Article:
Extreme storms may be America’s new norm, so homeowners must doubly protect against bogus repair work by shady contractors, warns the Coalition Against Insurance Fraud.
Climate change means more frequent and intense storms may be coming, according to a new study. The biggest rain and snow storms are getting bigger, jeopardizing more property and lives across the U.S.
Most home contractors are honest. But extreme weather will attract more shady operators whose bogus repairs can cost homeowners thousands of dollars, the coalition warns.
Routine home fixups and remodeling also invite scams.
Homeowners must be alert to costly repair scams, starting now. Rainstorms, hail, tornadoes and wildfires already are causing considerable home damage this year. Some may reflect climate trends, and more disasters are likely before the year ends.
Dishonest drifters often go door-to-door, especially after disasters. Fixing bad repair work also can take months of headaches, and the victim’s homeowner policy may not cover fraudulent repairs.
Roofer inquiries have ranked No. 1 for five straight years by the Better Business Bureau.
Homeowners can better ensure repairs are done right by knowing how to find an honest and reputable contractor.
Six worst scams
1. Disappearing downpayment. The contractor demands a large downpayment, then disappears after doing little or no work.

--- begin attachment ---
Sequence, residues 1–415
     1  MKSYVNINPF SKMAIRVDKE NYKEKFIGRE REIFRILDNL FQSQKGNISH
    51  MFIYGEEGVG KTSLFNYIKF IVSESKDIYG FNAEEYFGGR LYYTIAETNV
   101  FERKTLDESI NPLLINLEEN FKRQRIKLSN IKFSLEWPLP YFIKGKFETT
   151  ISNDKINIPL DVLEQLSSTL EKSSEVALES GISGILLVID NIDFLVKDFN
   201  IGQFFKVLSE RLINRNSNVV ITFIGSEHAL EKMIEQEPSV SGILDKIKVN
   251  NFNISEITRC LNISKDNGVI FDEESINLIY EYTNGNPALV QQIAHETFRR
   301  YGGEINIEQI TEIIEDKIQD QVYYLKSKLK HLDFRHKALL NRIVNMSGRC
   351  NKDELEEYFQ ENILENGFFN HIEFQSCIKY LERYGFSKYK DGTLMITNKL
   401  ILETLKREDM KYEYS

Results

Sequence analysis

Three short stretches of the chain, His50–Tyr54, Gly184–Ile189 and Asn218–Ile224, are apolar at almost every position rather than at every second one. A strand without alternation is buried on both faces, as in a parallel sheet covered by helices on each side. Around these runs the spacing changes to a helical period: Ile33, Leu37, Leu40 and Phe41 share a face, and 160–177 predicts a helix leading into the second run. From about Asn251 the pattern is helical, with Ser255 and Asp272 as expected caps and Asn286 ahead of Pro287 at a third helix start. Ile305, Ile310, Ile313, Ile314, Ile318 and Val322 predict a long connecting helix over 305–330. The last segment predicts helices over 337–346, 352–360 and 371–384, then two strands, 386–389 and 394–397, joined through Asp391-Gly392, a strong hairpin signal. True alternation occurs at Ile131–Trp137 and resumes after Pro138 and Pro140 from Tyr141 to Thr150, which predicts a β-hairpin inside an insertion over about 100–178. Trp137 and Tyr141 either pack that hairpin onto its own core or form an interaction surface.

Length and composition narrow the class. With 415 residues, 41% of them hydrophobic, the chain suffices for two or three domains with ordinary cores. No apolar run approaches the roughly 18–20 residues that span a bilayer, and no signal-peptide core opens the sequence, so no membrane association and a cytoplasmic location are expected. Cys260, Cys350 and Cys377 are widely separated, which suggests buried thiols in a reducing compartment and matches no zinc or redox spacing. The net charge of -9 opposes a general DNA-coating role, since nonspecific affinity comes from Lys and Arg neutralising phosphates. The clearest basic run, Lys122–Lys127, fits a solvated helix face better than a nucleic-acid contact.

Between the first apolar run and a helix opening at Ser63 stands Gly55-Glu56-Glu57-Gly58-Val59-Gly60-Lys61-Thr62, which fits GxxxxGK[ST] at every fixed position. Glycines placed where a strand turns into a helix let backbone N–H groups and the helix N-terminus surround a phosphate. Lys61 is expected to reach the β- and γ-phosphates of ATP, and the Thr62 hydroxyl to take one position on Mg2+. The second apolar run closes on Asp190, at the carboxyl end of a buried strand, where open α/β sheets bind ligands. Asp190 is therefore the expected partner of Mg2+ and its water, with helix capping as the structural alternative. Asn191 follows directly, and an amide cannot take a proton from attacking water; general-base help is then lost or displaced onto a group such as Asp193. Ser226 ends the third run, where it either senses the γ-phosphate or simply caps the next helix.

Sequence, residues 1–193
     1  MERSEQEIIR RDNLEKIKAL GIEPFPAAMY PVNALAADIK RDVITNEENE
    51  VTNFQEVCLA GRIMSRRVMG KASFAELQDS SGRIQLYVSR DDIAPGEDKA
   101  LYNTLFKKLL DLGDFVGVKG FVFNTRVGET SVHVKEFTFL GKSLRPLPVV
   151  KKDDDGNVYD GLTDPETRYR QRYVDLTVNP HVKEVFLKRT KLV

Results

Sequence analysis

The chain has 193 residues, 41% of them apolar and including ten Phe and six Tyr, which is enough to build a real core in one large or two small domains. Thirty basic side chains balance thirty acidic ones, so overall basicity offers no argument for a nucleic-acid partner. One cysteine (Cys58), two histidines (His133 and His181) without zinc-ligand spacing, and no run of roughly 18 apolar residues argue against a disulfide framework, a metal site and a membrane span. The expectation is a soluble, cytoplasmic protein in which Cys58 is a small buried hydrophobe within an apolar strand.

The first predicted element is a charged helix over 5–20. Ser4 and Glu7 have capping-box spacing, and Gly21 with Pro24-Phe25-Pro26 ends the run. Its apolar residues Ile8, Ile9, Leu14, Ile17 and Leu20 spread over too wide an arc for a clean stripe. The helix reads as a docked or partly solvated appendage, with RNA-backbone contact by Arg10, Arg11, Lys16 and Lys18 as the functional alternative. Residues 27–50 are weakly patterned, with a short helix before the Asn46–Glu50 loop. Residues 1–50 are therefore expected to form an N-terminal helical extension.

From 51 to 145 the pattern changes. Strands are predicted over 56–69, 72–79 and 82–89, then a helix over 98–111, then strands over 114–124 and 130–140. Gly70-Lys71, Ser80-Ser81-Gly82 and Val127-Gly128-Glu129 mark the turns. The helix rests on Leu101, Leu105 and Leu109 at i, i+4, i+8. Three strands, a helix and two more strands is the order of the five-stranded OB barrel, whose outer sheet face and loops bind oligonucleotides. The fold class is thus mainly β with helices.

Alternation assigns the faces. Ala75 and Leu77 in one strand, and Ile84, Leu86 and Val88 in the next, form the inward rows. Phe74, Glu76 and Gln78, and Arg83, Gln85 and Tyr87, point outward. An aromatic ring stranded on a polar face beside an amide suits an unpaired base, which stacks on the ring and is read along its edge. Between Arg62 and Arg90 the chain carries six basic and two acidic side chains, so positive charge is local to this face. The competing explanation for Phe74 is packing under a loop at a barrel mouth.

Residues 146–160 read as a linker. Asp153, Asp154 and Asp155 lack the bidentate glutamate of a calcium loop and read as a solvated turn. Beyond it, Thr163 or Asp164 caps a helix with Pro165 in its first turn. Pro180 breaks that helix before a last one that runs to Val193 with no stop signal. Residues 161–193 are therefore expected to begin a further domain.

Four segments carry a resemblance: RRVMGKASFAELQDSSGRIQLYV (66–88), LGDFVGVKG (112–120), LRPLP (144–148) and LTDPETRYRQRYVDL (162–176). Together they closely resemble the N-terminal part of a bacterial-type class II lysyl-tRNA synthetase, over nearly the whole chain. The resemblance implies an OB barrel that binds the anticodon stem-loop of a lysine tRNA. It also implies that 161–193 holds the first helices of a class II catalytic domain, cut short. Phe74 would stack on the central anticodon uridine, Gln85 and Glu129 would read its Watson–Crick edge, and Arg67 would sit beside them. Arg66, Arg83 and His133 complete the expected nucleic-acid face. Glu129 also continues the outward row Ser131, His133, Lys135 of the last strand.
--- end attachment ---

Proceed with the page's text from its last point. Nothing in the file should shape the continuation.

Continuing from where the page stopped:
2. Shoddy work. The work is low quality, using cheap materials. You may have to redo the entire job, often at your own expense.
3. Phantom damage. A contractor invents storm damage. Nicking sidewall or roof shingles with a screwdriver to mimic hail damage is one come-on.
4. Worsens damage. Contractors enlarge holes in a roof to increase their billings. Billing for phantom work is another ruse.
5. Pay your deductible. Offering to pay your insurance deductible is a con to lure your business.
6. Insurer go-between. The contractor elbows in as the go-between with your insurer. You lose control over your valuable claim.
Six ways to fight back
1. Avoid door-to-door drifters. Stick with reputable contractors based locally or in your region.
2. Verify license. Contact your state and local licensing agencies to ensure the contractor is licensed.
3. Contact local Better Business Bureau. See if the contractor has a history of complaints, and a BBB review.
4. Work with your insurance company and agent. Don’t let the contractor do the talking. Work directly with your insurer and agent to ensure the repairs are done right and covered damages are paid.
5. Insist on a contract. Have a signed contract specifying exactly what work will be done, plus the price and repair schedule.
6. Watch for red flags. No business cards or referrals … P.O. Box instead of a street address … van looks rundown and has no company name … poor personal appearance … can’t show proof of workers’ compensation insurance or surety/performance bond.
From the Aug. 29-Sept. 4, 2012, issue